different circuits have treated the issue of whether the LRE could be used as a defense to defeat
parental claims for private school tuition reimbursement. The Authors agree with Weber18 that the
application of the LRE standard should apply when parents are seeking inclusion, but should not
be considered in evaluating unilateral private school placements in tuition reimbursement cases.
II. BRIEF HISTORY OF THE IDEA
At the dawn of American public education in the 1800s, people “with disabilities were
often abused, condemned as incapable of being able to participate in social activities, and simply
forgotten.”19 Interest in educating those with differences emerged toward the end of the
nineteenth century, when Thomas Hopkins Gallaudet and Samuel Gridley opened schools for the
education of the deaf, blind, and mute populations, as well as “the idiotic and feeble-minded.”20
The effort did not extend to those with physical handicaps or who were incontinent.21 In 1850, the
first school for youth with cognitive disabilities opened in Massachusetts.22 Though compulsory
education also emerged in the nineteenth century, special classes served as “a mechanism to
remove undesirables from the regular classroom.”23 Simply being physically repulsive was a
legally sufficient basis to bar a paralyzed child from the classroom.24
The legal principle that “separate is not equal” set forth in Brown v. Board of Education25
has been credited with inspiring pursuit of inclusion by disability advocates.26 In the mid-1960s,
Congress began funding states’ efforts toward improving education for the disabled.27 The
Elementary and Secondary Education Act of 196528 provided federal funding to the states for
development of expanded special education programs and was replaced in 1970 by the Education
for the Handicapped Act.29 Neither statute, however, conferred individual rights or procedures for
identifying or serving students as in today’s legislative schema.30
State legislation developed in the 1970s expanded educational access for children with
specialized needs.31 Chapter 766 of the Acts and Resolves of Massachusetts,32 enacted in 1972,
;; ;; ;; ;; ;; ;; ;; ;; ;; ;; ;; ;; ;; ;; ;; ;; ;; ;; ;; ;; ;; ;; ;; ;; ;; ;; ;; ;; ;; ;; ;; ;; ;; ;; ;; ;; ;; ;; ;; ;; ;; ;; ;; ;; ;; ;; ;; ;; ;; ;; ;; ;; ;; ;; ;
18 Mark C. Weber, Vincent de Paul Professor of Law, at DePaul University College of Law, is the author of Disability Harassment
(2007), Understanding Disability Law (2007), Special Education Law and Litigation Treatise (3d ed. 2008), and co-author of Special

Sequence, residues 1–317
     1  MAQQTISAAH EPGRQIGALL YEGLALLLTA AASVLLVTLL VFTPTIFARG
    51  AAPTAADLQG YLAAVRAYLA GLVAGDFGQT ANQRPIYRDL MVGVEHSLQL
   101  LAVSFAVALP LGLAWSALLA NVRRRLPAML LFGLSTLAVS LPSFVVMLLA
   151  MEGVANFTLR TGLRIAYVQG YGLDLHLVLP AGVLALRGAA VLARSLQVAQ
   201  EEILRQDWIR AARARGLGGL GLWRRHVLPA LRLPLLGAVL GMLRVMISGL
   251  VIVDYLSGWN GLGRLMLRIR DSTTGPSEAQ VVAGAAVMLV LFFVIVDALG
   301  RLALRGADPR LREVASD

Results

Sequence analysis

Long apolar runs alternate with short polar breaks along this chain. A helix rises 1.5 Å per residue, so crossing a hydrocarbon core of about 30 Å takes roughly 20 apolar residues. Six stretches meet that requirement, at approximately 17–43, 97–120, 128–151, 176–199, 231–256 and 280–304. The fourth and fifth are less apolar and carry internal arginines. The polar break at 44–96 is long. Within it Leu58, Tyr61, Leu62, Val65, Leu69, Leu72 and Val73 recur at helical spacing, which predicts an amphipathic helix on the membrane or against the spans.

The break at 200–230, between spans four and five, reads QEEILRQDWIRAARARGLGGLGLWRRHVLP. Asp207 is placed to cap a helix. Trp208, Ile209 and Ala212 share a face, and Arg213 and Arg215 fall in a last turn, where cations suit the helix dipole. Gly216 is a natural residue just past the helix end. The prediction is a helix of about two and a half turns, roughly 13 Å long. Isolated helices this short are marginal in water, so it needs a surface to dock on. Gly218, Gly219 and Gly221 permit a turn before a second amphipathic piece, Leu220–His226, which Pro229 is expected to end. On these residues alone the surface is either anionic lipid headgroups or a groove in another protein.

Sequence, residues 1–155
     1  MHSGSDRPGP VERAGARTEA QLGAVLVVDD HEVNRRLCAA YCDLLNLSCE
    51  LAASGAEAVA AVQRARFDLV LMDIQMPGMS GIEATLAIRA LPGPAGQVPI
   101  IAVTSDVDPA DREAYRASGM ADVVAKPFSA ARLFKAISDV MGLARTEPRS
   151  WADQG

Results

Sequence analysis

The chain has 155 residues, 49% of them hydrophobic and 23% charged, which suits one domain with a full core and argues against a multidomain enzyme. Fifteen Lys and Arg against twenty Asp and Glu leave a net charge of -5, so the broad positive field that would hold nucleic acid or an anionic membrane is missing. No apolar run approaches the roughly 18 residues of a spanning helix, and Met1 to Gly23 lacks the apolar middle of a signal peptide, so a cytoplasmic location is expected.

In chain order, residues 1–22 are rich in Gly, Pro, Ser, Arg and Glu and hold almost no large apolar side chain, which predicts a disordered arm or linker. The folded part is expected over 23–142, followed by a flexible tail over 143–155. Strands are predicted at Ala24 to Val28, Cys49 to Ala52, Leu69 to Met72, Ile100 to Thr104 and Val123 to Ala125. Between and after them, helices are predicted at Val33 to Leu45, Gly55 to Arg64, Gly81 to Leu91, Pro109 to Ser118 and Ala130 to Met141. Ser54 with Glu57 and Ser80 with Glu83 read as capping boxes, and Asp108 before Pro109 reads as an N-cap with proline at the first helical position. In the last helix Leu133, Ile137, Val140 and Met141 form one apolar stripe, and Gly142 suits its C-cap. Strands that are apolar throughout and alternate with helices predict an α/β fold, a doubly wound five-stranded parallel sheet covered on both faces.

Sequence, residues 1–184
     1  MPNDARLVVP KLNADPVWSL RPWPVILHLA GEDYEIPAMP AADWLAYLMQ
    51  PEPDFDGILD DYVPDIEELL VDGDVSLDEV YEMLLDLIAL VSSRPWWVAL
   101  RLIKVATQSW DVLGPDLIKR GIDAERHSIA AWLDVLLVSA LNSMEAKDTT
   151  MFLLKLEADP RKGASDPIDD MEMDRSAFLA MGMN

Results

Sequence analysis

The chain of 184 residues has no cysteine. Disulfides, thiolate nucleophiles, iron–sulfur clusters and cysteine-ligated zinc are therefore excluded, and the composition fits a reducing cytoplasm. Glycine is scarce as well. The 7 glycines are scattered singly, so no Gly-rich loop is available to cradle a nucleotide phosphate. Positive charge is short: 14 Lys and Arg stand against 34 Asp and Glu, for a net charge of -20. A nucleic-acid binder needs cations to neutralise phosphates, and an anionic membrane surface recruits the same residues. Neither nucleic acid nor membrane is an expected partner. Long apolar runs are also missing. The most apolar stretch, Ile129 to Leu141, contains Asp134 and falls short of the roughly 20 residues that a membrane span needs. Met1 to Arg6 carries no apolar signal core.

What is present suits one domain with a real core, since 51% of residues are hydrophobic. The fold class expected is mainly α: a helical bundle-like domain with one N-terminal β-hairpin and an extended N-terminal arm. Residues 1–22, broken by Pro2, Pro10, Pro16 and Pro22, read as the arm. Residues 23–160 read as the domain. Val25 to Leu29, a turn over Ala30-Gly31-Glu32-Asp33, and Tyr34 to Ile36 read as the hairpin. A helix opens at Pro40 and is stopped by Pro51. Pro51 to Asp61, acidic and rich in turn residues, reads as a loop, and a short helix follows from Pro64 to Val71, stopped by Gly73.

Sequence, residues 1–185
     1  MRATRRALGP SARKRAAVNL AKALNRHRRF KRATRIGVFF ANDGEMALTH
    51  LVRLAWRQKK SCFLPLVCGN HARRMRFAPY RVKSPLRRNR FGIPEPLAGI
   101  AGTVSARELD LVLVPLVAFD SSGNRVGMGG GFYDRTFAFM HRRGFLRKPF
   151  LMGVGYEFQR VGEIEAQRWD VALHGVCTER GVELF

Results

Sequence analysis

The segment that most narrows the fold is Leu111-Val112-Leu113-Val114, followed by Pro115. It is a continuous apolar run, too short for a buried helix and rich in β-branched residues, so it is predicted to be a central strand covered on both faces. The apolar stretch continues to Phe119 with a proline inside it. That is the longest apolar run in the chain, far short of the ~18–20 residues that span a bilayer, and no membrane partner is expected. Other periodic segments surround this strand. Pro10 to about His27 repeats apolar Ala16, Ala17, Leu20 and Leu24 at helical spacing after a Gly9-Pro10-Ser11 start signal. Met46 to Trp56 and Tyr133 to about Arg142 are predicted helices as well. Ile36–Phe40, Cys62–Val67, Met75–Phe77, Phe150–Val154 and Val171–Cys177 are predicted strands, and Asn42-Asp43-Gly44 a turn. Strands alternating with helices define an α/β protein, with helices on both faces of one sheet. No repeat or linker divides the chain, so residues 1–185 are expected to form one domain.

Education Law Cases and Material (2d ed. 2007). Society of Vincent de Paul Professors, Mark C. Weber, DEPAUL UNIV.,
http://offices.depaul.edu/svdpp/Members/Pages/Mark-Weber.aspx (last visited Apr. 17, 2015).
19 151 CONG. REC. S13,399–400 (daily ed. Nov. 18, 2005); see also COLKER, supra note 9, at 25–27 (“[U]ntil the nineteenth century,
most individuals with disabilities received no education whatsoever, because they were feared and shunned by society.”).
20 151 CONG. REC. S13,399–400; COLKER, supra note 9, at 25–27; see also Daniel H. Melvin II, Desegregation of Children with
Disabilities, 44 DEPAUL L. REV. 599, 670–71 (1995) (noting a congressional preference for mainstreaming, but cautioning that each
child’s case must be scrutinized).
21 COLKER, supra note 9, at 25–27; see also Melvin, supra note 20, at 603–04.
22 See 151 CONG. REC. S13,399–400.
23 COLKER, supra note 9, at 26–27.
24 Id. (citing State ex. rel. Beattie v. Bd. of Educ., 172 N. W. 153 (Wis. 1919)).
25 Brown v. Bd. of Educ., 347 U.S. 483 (1954).
26 Theresa M. DeMonte, Comment, Finding the Least Restrictive Environment for Preschoolers Under the IDEA: An Analysis and
Proposed Framework, 85 WASH. L. REV. 157, 160–61 (2010); Stacey Gordon, Making Sense of the Inclusion Debate Under IDEA,
2006 BYU EDUC. & L.J. 189, 192 (2006); Melvin, supra note 20, at 607.
27 See Beyer, supra note 8, at 367.
28 Elementary and Secondary Education Act of 1965, Pub. L. 89-10, 79 Stat. 27.
29 Id.; Education Amendments of 1974, Pub. L. No. 93-380, 84 Stat. 175; Gordon, supra note 12, at 276 (noting that the EHA sought
to stimulate development of resources and personnel without further guidelines).
30 Beyer, supra note 8, at 367–68.
31 Beyer, supra note 8, at 367 (citing Comptroller General of the United States, Disparities Still Exist in Who Gets Special Education 3
(Sept. 30, 1981)) (“Prior to 1971, many state statutes contained provisions excluding from the educational system children with certain
physical or mental conditions. In 1970, only fourteen states had statutes mandating appropriate education to children with handicaps.
By 1974, however, this number had grown to forty-six.”).